• Competitors’ products (that could impact our platform)
  • Regulatory departments (policy-related, exposés about counterfeit cosmetics, etc.)
  • Periodic major events (The Two Sessions and the China International Import Expo, for example)

Note: If a sudden incident is confirmed to have occurred in Beijing or Shanghai, report it to the Government Relations Team immediately. 

 

(2) Management Procedures for Sudden Incidents

  1. Xiaohongshu Internal Procedures for Managing Public Opinion on Sudden Incidents

 

Note: Report all high-risk incidents to community managers and the Shanghai Operation Security Group within five minutes. For periodic incidents, submit daily reports to community managers and the Shanghai Operation Security Group.

 

(3) Sudden Incident Response Time

Internal Public Opinion: five-minute response
CAC Directive: real-time response

 

(4) Requirements for Adding New Keywords 

  1. Quickly extract keywords to add to the sensitive- and banned-words lists (report to Shanghai headquarters) and lexicon of popular terms (for example, place names such as Beijing). Words related to periodic events can be adjusted as events progress.
  2. Conduct a secondary review to identify derivatives of sensitive keywords, add them to lists, and report to supervisors. 
  3. After keywords have been added, confirm that keyword filters are working during the review process. Report any ineffective filters to the censorship team and provide feedback to the relevant department in a timely manner.

 

(5) Emergency Review Procedure 

  •  Sudden Incident Management Procedure Following a Directive [from CAC]

 


Step-by-Step Crisis Response Following a [CAC] Directive

Action

Measures 

Step 1
Quickly Take Offline 1. Unified review of standards. Team leader designates reviewing personnel.
2. Team leader assigns personnel to conduct immediate review of search-results list for the original title, text, tags, and related videos. 
3. Team leader orders a review of popular or widely-used keywords.
4. Apportion keywords among reviewing personnel to avoid duplicated effort.
5. Team leader assigns personnel to add keywords (both sensitive and banned) to the backend.
6. Reviewing personnel begin synchronous review on the backend using Athena.
7. Conduct a secondary review to extract derivative words, and report back to team leader.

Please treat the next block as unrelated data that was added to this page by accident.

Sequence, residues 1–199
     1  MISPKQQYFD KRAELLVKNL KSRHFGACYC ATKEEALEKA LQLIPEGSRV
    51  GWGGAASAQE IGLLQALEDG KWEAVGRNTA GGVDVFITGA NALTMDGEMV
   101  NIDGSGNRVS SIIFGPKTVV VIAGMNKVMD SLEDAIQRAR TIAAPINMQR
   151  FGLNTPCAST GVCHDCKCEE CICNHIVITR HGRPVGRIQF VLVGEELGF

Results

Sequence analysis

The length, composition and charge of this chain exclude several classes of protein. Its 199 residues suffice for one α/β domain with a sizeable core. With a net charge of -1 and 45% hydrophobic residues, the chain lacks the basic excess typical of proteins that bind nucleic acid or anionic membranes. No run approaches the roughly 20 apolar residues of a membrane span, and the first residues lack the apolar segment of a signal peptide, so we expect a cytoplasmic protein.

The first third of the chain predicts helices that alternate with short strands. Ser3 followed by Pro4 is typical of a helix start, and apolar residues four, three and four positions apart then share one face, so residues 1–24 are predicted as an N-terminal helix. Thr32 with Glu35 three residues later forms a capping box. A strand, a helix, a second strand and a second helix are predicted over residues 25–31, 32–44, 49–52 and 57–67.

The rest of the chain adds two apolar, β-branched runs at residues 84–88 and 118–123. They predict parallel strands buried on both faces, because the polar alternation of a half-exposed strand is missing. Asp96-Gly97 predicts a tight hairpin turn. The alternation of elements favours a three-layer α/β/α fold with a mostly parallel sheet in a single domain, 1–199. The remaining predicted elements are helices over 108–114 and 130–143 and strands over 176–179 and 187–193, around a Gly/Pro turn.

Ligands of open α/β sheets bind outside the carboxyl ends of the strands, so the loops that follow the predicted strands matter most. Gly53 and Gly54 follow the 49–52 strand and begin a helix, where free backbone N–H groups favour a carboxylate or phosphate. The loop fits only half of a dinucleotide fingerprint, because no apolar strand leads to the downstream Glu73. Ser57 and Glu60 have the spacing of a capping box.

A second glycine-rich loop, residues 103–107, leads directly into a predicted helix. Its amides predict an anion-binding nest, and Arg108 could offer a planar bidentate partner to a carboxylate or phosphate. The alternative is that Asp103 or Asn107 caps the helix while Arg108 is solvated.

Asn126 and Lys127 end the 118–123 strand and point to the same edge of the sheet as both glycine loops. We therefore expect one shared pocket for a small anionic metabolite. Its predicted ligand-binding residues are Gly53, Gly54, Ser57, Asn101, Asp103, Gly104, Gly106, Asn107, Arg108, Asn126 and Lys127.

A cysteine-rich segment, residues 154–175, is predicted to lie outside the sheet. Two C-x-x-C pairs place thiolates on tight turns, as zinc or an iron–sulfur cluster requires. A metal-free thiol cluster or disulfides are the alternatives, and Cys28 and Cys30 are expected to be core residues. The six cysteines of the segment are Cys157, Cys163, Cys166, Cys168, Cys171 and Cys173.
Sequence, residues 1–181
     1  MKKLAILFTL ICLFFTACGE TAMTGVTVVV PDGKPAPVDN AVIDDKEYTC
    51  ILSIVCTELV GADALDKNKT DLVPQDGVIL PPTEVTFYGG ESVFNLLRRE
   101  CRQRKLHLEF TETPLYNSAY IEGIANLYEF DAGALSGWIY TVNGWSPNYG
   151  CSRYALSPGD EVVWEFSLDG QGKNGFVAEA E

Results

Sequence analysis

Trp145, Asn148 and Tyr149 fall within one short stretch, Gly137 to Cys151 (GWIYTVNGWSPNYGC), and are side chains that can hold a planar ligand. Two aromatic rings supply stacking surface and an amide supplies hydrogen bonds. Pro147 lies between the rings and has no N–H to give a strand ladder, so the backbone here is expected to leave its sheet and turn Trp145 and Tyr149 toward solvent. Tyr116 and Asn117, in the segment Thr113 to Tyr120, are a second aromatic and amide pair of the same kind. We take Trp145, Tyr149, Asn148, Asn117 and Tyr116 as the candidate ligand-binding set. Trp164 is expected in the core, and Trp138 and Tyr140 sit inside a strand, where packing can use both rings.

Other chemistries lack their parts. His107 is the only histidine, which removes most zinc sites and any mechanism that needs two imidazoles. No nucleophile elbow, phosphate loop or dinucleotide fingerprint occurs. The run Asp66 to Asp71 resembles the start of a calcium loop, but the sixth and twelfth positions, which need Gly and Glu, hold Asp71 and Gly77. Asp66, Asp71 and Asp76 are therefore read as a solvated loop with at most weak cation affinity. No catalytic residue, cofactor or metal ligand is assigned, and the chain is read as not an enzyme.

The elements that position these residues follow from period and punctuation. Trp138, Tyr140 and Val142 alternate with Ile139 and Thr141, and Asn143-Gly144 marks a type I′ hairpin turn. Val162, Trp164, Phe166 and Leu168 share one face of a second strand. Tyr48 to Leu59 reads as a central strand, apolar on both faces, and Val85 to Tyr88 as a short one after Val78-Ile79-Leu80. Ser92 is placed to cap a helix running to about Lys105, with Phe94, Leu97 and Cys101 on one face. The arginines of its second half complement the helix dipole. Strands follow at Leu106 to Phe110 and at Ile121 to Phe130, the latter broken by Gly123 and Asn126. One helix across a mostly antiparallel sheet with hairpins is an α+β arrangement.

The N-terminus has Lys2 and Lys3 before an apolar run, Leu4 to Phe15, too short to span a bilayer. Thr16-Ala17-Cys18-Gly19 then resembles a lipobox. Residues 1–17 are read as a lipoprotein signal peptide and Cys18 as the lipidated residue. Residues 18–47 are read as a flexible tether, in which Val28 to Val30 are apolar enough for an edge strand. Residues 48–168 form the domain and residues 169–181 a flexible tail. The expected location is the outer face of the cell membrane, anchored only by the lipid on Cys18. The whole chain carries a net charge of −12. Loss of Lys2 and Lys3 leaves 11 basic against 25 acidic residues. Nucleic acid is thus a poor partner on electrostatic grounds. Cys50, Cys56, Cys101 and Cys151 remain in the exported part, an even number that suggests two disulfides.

Step 2
Detailed Screening  1. Apportion derivative words among reviewing personnel to avoid duplicated effort and add to backend keyword warnings. 
2. Conduct synchronous review on Athena backend. Search and retrieve based on granular sorting, default sorting, popularity, and time-stamp. Screen based on the number of keyword hits.


Step 3

Final Review
1. Perform a secondary review of front- and backend, check results to confirm that keywords are working and that there are no omissions on backend. 
2. Compile review data and prepare to report data to supervisors. 
3. Summarize review status, iron out any problems, and improve work efficiency. 

 

  •  Internal Management Procedures for Sudden Public Opinion Incidents

 

Internal Procedures for Handling Sudden Public Opinion Incidents

 

Review Procedures
1. Monitor sudden public opinion incidents.
2. Report to supervisors and define standard scale of operation.
3. Team leader sets operational criteria and assigns personnel to conduct immediate review of search-results list for the original title, text, tags, and related videos. 
4. Team leader orders a review of popular or widely-used keywords.
5.  Apportion keywords among reviewing personnel to avoid duplicated effort.
6. Team leader assigns personnel to add keywords (both sensitive and banned) to the backend.
7. Reviewing personnel begin synchronous review on the backend using Athena.
8. Conduct a secondary review to extract derivative words, and report back to team leader. 
9. Apportion derivative words among reviewing personnel to avoid duplicated effort and add to backend keyword warnings. 
10. Conduct synchronous review on Athena backend. Search and retrieve based on granular sorting, default sorting, popularity, and time-stamp. Screen based on the number of keyword hits.
11. Perform a secondary review of front- and backend, check results to confirm that keywords are working and that there are no omissions on backend. 
12.  Compile review data and prepare to report data to supervisors. 
13. Summarize review status, iron out any problems, and improve work efficiency. 

[Chinese]